Hardware Core Counter Instrumentation

In an SMT environment, a waiting thread is a thread that has not been dispatched with work such that the waiting thread is ready to be assigned work (i.e., a stream of instructions) and then execute. A core is waiting when all its threads are waiting. A non-waiting thread embodies one of the following states: executing instructions, competing to execute instructions, and/or resolving a cache miss. A core is non-waiting when 1 or more of its threads are non-waiting. A physical or logical core's thread density (such as physical core1 110 or logical core1 201A) represents the number of non-waiting threads at a given time for that physical or logical core. In the example, physical cores 102 and logical cores 201A-F can have a maximum of two threads each. A thread density 2 core contains 2 non-waiting threads, which means, for physical core 110 and logical core 201A that both physical threads 121 and 122 and logical threads 211 and 212, respectively, are executing. A thread density 1 core contains 1 non-waiting thread and 1 waiting thread (for any physical core such as core1 110 or logical core such as core1 201A). For example, when physical core 120 has a thread density 1, this means that one thread such as thread 121 is non-waiting (e.g., executing on the core 120) and the other thread such as thread 122 is waiting (e.g., not executing work on the core 120). This also means physical core 120 is executing a logical core, such as logical core3 201C operating at thread density 1 with logical thread 215 non-waiting and logical thread 216 waiting.

With reference to FIG. 2, each of the processor cores 102 (such as in System z) contain core counters 251, 261, 252, 262 for counting the number of core cycles and the number of core instructions at each thread density. For example, SMT hardware (such as System z SMT hardware) that supports 2 threads per core (SMT-2) contains the following core counters:

1) core cycle counters 251A, 251B, 251C, 251D (generally referred to as core cycle counters 251) each count core cycles operating at thread density 1 (C_1) for their respective cores 110, 120, 130, 140.

2) core instruction counters 261A, 261B, 261C, 261D (generally referred to as core instruction counters 261) each count core instructions complete at thread density 1 (I_1) for their respective cores 110, 120, 130, 140.

3) core cycle counters 252A, 252B, 252C, 252D (generally referred to as core cycle counters 252) each count core cycles operating at thread density 2 (C_2) for their respective cores 110, 120, 130, 140.

4) core instruction counters 262A, 262B, 262C, 262D (generally referred to as core instruction counters 262) each count core instructions complete at thread density 2 (I_2) for their respective cores 110, 120, 130, 140.

For every clock cycle the core (e.g., cores 110, 120, 130, 140) executes, the number of non-waiting threads determines whether the core cycle counter at thread density 1 (e.g., respective core cycle counter 251) or thread density 2 (e.g., respective core cycle counter 252) increments by 1. For example, for each clock cycle, the core cycle counter 251B increments by 1 for each cycle core 120 executes at thread density 1 (e.g., with a single non-waiting thread such as thread 121 or 122 but not both). For each clock cycle, the core cycle counter 252B increments by 1 for each cycle core 120 executes at thread density 2 (e.g., when both threads 121 and 122 are non-waiting on core 120).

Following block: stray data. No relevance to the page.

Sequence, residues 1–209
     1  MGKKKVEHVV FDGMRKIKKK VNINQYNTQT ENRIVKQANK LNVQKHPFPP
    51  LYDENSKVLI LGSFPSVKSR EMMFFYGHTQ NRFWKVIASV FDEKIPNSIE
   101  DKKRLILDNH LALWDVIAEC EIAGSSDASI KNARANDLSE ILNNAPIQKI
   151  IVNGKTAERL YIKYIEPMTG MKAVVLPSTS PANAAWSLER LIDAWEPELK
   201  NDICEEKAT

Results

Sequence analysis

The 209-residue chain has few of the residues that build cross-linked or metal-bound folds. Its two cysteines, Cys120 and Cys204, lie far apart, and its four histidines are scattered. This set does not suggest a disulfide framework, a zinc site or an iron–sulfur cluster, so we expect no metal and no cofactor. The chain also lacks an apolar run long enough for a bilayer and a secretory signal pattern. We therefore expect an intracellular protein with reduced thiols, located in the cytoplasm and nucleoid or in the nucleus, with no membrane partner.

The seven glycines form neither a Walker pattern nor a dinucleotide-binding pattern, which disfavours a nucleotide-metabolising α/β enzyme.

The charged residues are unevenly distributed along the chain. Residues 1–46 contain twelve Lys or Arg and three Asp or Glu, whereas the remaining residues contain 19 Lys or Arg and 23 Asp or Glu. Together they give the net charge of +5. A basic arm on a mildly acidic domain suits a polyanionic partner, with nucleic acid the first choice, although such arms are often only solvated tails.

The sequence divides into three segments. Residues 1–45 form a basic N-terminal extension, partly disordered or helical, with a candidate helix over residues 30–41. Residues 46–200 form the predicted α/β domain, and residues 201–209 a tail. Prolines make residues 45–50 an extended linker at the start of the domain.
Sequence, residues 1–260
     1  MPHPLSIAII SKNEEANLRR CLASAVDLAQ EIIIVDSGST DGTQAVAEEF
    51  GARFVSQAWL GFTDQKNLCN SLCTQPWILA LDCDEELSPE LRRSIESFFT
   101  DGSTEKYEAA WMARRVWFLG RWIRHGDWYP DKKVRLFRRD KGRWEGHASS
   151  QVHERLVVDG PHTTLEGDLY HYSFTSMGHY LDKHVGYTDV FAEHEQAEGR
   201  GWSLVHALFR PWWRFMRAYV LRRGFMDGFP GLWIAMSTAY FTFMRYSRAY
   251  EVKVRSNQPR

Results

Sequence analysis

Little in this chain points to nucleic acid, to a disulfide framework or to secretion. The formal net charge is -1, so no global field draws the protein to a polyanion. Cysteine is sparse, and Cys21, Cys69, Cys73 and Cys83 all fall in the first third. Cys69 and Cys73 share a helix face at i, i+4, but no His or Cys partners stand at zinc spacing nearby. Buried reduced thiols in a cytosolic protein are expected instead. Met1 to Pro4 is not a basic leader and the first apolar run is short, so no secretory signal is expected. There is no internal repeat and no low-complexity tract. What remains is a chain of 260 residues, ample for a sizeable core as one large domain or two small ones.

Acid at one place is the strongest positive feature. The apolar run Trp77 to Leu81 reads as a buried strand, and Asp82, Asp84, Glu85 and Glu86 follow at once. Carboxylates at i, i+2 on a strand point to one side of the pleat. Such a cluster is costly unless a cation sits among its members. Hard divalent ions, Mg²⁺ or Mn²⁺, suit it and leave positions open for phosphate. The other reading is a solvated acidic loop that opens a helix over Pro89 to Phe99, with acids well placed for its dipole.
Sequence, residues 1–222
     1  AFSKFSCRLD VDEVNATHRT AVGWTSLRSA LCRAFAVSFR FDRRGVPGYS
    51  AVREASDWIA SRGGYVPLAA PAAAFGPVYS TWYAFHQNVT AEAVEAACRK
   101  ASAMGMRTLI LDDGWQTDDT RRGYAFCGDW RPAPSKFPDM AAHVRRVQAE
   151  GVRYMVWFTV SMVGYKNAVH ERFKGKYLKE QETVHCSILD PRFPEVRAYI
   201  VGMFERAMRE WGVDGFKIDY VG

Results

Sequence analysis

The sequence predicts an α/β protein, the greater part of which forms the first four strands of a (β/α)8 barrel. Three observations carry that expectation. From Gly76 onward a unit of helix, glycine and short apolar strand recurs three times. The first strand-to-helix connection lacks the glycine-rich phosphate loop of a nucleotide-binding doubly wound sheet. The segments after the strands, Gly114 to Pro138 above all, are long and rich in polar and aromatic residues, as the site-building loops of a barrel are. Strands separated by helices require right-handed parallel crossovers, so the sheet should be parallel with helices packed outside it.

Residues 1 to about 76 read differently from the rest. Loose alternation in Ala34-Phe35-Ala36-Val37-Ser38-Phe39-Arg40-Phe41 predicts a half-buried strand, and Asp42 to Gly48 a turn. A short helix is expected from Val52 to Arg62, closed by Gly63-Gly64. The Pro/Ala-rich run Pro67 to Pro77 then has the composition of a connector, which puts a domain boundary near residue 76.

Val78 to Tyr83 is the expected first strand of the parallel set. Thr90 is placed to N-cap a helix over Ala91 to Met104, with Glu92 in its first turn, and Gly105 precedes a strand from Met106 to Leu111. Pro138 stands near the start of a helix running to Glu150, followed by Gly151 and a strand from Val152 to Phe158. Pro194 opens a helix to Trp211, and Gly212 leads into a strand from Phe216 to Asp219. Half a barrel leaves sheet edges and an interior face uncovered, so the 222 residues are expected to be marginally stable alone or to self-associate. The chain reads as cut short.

Any instruction(s) that complete during a core cycle increment the core instruction count at the appropriate thread density. The clock cycle is the time between two adjacent pulses of the oscillator that sets the tempo of the computer processors (e.g., cores 110, 120, 130, 140). For example, for each clock cycle, the core instruction counter 261B increments by 1 for each time the core 120 completes execution of an instruction at thread density 1 (e.g., executes an instruction with a single non-waiting thread such as thread 121 or 122 but not both). For each clock cycle, the core instruction counter 262B increments by 1 for each time the core 120 completes execution of an instruction at thread density 2 (e.g., when both threads 121 and 122 are non-waiting).

For all state-of-the-art hardware platforms in the industry, cycle and instruction counts exist only on a thread basis. On such hardware, while a thread is executing (non-waiting) the thread cycle count increments with respect to the core frequency (clock speed) and the thread instruction count increments when each instruction completes. The industry thread counters provide no insight into the frequency the thread executes at thread density 1 (full access to the core resource at the maximum thread speed) or at thread density 2 (shared access with a workload dependent core capacity gain and thread speed degradation). At runtime the thread counters do not provide sufficient information to calculate capacity planning metrics including core capacity gains, core capacity utilization, and remaining core capacity available. However, according to embodiments, the processor cores 110, 120, 130, 140 in computer system 100 (such as a System z cores) contain core cycle and core instruction counts (via core cycle counters 251 and 252 and core instruction counters 261 and 262) at each thread density (both thread density 1 and 2) in addition to the industry's thread cycle and thread instruction counts. The individual core cycle and core instruction counts for each of the processor cores 102 may be stored in a database 10 in the system memory 160 of the computer system 100 (shown in FIG. 1). The core counter instrumentation provides the insights into SMT executed on the physical cores 110, 120, 130, 140 to calculate all capacity planning and charge back metrics, as discussed further herein.